Bombshell new subpoena just rocked the White House in Trump-Cohen probe

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Supermarket tabloid The National Enquirer, along with sister publications and websites owned by American Media Inc. enthusiastically and relentlessly supported Donald Trump when he ran for president and often featured negative articles about his opponents, especially Secretary Hillary Clinton.

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That itself is not illegal, but a $150,000 payment to a Playboy playmate who says she had a sexual affair with Trump in 2006 for rights to an article about her – which never appeared – may be an illegal campaign contribution. 

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The U.S. Attorney for the Southern District of New York and the FBI have subpoenaed records and documents related to the payment to Karen McDougal in August 2016, less than two months before the presidential election. They are seeking to interview American Media executives, including David Pecker, the CEO who has said publically he is a close friend of Trump, reports The Wall St. Journal.

“Mr. Trump’s relationship with the National Enquirer stretches back decades. Tips about Mr. Trump poured into the tabloid after his television show ‘Celebrity Apprentice’ took off in 2002, but the Enquirer turned away stories that could paint him in a bad light, two former American Media employees said.”

“Barry Levine, the National Enquirer’s executive editor until 2016, reminded them that Mr. Pecker wouldn’t allow it,” continued the WSJ. 

“In time, AMI employees wouldn’t pitch any more critical articles about Mr. Trump, one of the ex-employees said,” according to the WSJ, “which is how Mr. Trump became known within the company as a ‘FOP,’ or Friend of Pecker.”

That means at the time American Media paid McDougal for her story, they already had no intention to publish it because it could harm Trump.

During that period, Pecker was in frequent touch with Michael Cohen, Trump’s personal attorney and “fixer” who arranged a separate $130,000 payment to porn star Stormy Daniels that fall, according to phone records that prosecutors have seen.

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Cohen, who is also under intense investigation by the feds, had a close relationship with McDougal’s lawyer, Keith Davidson, with whom he would trade information and clients and is alleged to have made secret agreements favorable to Trump.

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After the 2016 payment by AMI was made, Davidson – who is now cooperating with prosecutors – sent an email to Cohen “to let him know the deal was done, according to a person familiar with the matter,” writes the WSJ.

On June 6, Daniels sued Davidson, accusing him of being a “puppet” for Trump.

Paying for a story and gaining exclusive rights but never running it to protect someone is called “catch and kill” in publishing parlance.

In April, there were reports McDougal wasn’t the only one paid off to protect Trump. The New York Post reported a doorman at a Trump property was paid $30,000 for a story about Trump fathering a love child with another woman.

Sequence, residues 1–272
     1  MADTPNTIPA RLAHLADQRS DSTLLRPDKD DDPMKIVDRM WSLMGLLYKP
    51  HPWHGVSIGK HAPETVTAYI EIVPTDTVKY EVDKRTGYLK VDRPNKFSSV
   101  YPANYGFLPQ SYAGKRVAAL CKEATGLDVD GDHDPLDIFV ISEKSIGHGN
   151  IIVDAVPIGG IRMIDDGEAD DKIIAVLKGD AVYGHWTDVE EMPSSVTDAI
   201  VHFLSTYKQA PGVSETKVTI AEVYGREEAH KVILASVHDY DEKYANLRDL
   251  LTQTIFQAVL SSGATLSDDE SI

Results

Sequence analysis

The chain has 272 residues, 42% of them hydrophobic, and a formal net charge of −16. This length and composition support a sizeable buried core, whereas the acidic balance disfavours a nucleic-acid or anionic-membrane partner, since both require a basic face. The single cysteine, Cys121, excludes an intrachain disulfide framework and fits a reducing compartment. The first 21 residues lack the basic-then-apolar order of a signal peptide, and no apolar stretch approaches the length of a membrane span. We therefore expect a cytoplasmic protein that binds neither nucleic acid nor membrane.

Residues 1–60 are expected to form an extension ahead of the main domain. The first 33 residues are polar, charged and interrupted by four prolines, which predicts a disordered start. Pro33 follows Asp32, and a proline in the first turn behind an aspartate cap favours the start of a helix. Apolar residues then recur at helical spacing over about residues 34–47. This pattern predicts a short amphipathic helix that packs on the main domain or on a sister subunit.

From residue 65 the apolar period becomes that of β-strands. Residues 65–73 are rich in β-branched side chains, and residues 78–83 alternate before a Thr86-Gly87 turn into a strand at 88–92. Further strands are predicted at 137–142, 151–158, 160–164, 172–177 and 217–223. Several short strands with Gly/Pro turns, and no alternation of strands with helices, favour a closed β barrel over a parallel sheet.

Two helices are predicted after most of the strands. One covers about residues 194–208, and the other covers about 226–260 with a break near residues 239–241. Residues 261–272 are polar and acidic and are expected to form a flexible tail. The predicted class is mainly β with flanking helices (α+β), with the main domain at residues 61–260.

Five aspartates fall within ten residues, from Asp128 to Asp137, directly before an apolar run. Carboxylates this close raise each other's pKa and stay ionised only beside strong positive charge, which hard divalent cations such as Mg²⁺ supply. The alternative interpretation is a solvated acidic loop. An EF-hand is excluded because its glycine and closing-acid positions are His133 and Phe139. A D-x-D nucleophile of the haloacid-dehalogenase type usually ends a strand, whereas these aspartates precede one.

That story was also denied by Trump and was never published by the National Enquirer.  .

In a March lawsuit against American Media, McDougal charged that she only realized after the fact that the payment she received was really hush-money to keep her from going public with her allegations during the campaign. 

It is extraordinary for the Justice Department to go after a publication because it can claim protection under the First Amendment right to free speech, but it is possible to prosecute if it is found the payment was to silence someone on Trump’s behalf.

That could be considered an illegal campaign contribution and charges could be brought against American Media, Pecker, and other company executives, as well as Cohen. Thomas Frampton, a lecturer at Harvard Law School who studies criminal law, told the WSJ, “If the other evidence is there, I don’t think AMI’s status as a media company will preclude liability.”

American Media and its executives have denied any wrongdoing and have not been charged. They claim they were hiring McDougall to write columns and appear on magazine covers.

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She had not done anything like that until Trump was elected, but after it became an issue, her name appeared on fitness columns and she was on a magazine cover or two.

“American Media released Ms. McDougal from her contract with the company as part of an April legal settlement,” reports the WSJ. “Her lawsuit alleged that American Media and her lawyer at the time lured her into the agreement under false pretenses.”

American Media is an aggressive company that uses its news pages and editorial websites regularly to promote Trump and causes it favors while eschewing normal journalistic efforts to be fair in its reporting.

Besides The National Enquirer, New York City-based AMI properties include The Star tabloid magazine, US Weekly, RadarOnline, OK! and The Globe, another supermarket tabloid.

Trump has rewarded AMI’s publications with exclusive stories, often apparently to hurt his opponents and political enemies, which gives added meaning to his favorite phrase – “fake news.”

Benjamin Locke

Benjamin Locke is a retired college professor with an undergraduate degree in Industrial Labor and Relations from Cornell University and an MBA from the European School of Management.

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